...

// Implementing this just to show it in action, 
// but you could just use @synthesize
- (void)setCompletionHandler:(MyCompletionHandler)completion {
    [_completion release];
    _completion = [completion copy];
}

...

- (void)taskIsComplete {
    _completion(self);
}
@end

When you copy a block, it’s context goes with it. If you copy a block in Objective-C, the objects referenced therein will get retained when the block is copied. We touched on this last time. Remember though that in C (or really, when using C types like CFArrayRef), this does not happen, and you will need to retain objects before your block and release them inside to ensure that when the block is run it really has a reference to the object.

Be Cautious of Loops

This copying/retaining semantics of blocks is very useful as it means your objects won’t go away while your block is being executed on some other thread, but you can also get into trouble if you happen to be using them only on one thread and the context in a block contains a reference to some parent structure. You’ll get into a retain-loop. Consider a UITableViewCell subclass that you want to initialize with a block to perform some action:

// inside your controller's tableView:cellForRowAtIndexPath:
cell = [[MyCell alloc] initWithBlock:^(MyCell* cell) {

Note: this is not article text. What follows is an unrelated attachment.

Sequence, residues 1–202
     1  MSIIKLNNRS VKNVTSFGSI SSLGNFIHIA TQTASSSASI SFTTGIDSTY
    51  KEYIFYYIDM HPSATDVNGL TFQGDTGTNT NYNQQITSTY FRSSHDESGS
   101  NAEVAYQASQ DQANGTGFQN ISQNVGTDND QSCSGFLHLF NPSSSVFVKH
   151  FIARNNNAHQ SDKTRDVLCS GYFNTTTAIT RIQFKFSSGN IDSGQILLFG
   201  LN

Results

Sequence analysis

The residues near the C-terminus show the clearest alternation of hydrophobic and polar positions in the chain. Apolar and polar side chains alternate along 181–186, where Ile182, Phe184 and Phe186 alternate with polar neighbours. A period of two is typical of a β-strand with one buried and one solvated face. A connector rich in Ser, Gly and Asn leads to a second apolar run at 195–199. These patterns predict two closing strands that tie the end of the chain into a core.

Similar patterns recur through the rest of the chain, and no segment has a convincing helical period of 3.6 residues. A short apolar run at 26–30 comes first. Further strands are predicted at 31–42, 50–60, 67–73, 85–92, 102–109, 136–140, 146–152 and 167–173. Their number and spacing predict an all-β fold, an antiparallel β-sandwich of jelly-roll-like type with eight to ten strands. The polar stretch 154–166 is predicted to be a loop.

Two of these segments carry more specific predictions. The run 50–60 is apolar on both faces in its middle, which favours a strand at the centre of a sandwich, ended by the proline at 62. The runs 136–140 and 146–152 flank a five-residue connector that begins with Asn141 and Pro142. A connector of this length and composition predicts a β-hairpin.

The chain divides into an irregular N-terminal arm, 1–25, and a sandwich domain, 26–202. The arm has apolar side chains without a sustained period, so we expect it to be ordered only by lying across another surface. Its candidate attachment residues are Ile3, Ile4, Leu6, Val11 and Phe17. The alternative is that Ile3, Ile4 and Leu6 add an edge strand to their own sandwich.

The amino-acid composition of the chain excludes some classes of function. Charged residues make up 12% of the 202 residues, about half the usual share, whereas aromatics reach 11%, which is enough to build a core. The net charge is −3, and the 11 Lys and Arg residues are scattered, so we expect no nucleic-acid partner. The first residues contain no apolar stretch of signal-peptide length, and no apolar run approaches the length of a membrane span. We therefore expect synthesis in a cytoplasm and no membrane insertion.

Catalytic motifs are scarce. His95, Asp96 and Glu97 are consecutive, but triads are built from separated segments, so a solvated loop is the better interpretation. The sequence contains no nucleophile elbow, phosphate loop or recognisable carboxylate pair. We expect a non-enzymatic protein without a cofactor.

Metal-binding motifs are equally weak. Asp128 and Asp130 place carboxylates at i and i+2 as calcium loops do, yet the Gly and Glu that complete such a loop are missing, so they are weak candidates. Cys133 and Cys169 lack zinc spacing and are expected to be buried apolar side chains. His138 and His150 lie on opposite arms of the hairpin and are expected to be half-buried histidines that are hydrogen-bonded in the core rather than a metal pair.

[self adjustCell:cell];
       }];

So here we have a block that calls a method on the controller. Simple enough. But when that cell is created, it’s init method might copy the block to ensure the block is valid at all times. The problem is, it references self. But that self is the view controller. So you have a view controller retained by one of its descendants. This creates a retained object loop that ultimately means this controller will never get released.

The only way I’ve found to deal with this is by creative use of __block variables. But we haven’t talked about that, now have we? Guess it’s time…

Modifying Local Variables in a Block

While blocks can reference variables in the context they are defined, those variables are read-only. This is done (I presume) for efficiency’s sake, and 99 times out of 100 this is fine. However, there are times when you want to change the value of one of those variables. The way you do this is to prefix them with the __block modifier. Consider:

int     x = 10;